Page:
A new method of obtaining organs for transplantation is raising a host of ethical questions, including whether the donors are technically "dead."
For decades, organ donation has been guided by something called the "dead donor rule."
"We have this idea that you must be dead first — so before your organs can be removed, we agree that you are dead," said Leslie Whetstine, a bioethicist at Walsh University in Ohio.
That probably sounds pretty obvious. But defining "dead" turns out to be pretty complicated. It turns out, there are two ways to declare someone dead. For decades, the main way has been "brain death."
Brain death is defined an "irreversible cessation of all the functions of the brain, including the brain stem," according to James L. Bernat, a Dartmouth Medical School neurologist who is an expert on the science and ethics of organ procurement.
These are often people who have suffered massive strokes or devastating blows to the head.
But transplant advocates have revived another definition in recent years. It's had several names, including "donation after cardiac death (DCD)" and "donation after circulatory death." It says: It's OK if donors initially may still have some brain activity. But in this case, death requires "an irreversible cessation of circulation and heartbeat and breathing and no intervention will be done to restore it," Bernat said. "So it is permanent."
In these cases, no one will perform CPR or anything else to restore circulation on the patient. A typical case might involve someone who has had a massive heart attack. Doctors and families agree there's no hope and decide it's time to discontinue life support.
But some experts are troubled by this for a variety of reasons. University of Pennsylvania bioethicist Scott Halpern explains the biggest one.
"The problem is, it's not at all clear that donors after circulatory determination of death are truly dead," Halpern said.
Why? Well, part of it is that no one can agree on how long surgeons need to wait to make absolutely sure the heart is not going to start up again on its own. Some transplant centers wait 5 minutes. Others wait only 2 minutes.
Now, if this weren't all complicated and controversial enough, surgeons in Michigan are taking it one step further: They're starting to place possible donors on a heart-lung machine, called ECMO, even before their hearts have stopped beating.
"The beauty is that this can be placed relatively quickly, and the pump can be turned on and it can provide blood to nourish the organs until they can be removed surgically and then transplanted into somebody else," said Jeffrey D. Punch, director of the transplant center at the University of Michigan.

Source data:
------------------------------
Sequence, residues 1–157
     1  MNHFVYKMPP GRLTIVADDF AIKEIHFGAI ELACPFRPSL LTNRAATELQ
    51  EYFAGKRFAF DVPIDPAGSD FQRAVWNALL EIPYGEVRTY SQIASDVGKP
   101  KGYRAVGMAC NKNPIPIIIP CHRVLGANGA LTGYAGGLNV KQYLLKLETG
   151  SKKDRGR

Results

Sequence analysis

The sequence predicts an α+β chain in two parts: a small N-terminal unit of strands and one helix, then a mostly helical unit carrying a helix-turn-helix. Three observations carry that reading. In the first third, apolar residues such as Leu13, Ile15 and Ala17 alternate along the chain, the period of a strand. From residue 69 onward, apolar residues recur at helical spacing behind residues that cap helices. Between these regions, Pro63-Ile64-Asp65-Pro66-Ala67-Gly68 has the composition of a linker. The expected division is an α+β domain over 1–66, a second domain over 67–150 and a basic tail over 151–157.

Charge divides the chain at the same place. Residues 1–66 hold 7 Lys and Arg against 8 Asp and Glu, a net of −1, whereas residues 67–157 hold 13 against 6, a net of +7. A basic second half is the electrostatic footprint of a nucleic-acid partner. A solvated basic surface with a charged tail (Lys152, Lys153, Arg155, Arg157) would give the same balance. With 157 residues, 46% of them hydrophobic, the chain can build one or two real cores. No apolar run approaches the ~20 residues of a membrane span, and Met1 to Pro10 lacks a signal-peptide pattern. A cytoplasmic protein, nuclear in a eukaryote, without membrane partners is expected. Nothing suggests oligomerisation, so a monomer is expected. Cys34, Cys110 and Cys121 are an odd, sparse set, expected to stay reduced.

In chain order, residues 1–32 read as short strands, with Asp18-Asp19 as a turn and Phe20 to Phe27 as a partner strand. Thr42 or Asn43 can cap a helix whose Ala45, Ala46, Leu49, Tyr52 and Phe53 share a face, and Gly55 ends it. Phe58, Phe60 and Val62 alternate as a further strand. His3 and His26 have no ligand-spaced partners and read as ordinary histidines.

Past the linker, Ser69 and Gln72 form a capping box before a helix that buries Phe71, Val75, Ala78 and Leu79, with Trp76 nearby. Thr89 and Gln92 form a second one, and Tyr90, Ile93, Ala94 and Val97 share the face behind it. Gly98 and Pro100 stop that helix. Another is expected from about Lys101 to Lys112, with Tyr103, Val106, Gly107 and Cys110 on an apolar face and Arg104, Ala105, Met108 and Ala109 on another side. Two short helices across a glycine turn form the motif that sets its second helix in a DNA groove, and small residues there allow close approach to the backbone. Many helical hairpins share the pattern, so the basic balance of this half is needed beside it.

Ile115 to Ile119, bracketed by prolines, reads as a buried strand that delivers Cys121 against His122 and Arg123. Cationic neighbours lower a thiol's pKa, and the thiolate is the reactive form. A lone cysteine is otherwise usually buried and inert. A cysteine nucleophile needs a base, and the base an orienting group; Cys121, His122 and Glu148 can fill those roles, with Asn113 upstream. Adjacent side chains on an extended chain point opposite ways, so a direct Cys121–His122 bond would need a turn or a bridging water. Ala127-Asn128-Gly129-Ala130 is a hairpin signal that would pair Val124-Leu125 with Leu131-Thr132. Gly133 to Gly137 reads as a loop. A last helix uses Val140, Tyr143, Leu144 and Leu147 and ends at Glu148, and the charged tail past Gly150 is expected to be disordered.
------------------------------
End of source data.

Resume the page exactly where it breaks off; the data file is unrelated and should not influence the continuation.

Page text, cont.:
The approach could prevent a lot of organs from being wasted and thus save a lot of lives, Punch said.
But this approach raises a whole new set of questions. For starters, critics like Bernat argue that it doesn't make sense. In this scenario, someone is declared dead based on the fact that he has lost his circulation and will never get it back. Then you turn around and restore circulation.
"When you come in and circulate blood around the body, then suddenly you've broken the rules — so that's a big problem," Bernat said.
Another question is whether restoring circulation might keep the brain alive. To address this issue, the Michigan doctors insert a balloon to block blood from getting to the brain. But blurring the line between life and death like this makes a lot of people uneasy.
"You could say, well, they're almost dead, or they're close to dead or they're dead enough. But I don't know if you could say with absolute certain there's no function there and no function that could be brought back," said Stuart J. Youngner, a Case Western Reserve University bioethicist.
Proponents defend restarting circulation with the ECMO machine. "They are in fact dead," Punch said of the patients, noting that circulation has only been restored with a machine, and no one will try to revive the donors' hearts in any way. Doctors wait 5 minutes after the hearts stop beating to make sure the patients are really gone, he added.
The Michigan doctors say the approach is a blessing. Family members have more time to say goodbye and a chance at getting some solace from their loss.
"They are so pleased that the last act of the person's life on Earth was to donate organs and save other people's lives," Punch said.
Transplant surgeons say the chance to turn a death into an opportunity for life is a godsend.
"It's wonderful. I think it's a miracle of sorts," said surgeon Joseph B. Zwischenberger of the University of Kentucky.
Punch and his colleagues have begun training teams at other hospitals on how to use the technique. They are also planning to try it in the emergency room. That's raising yet more tough questions.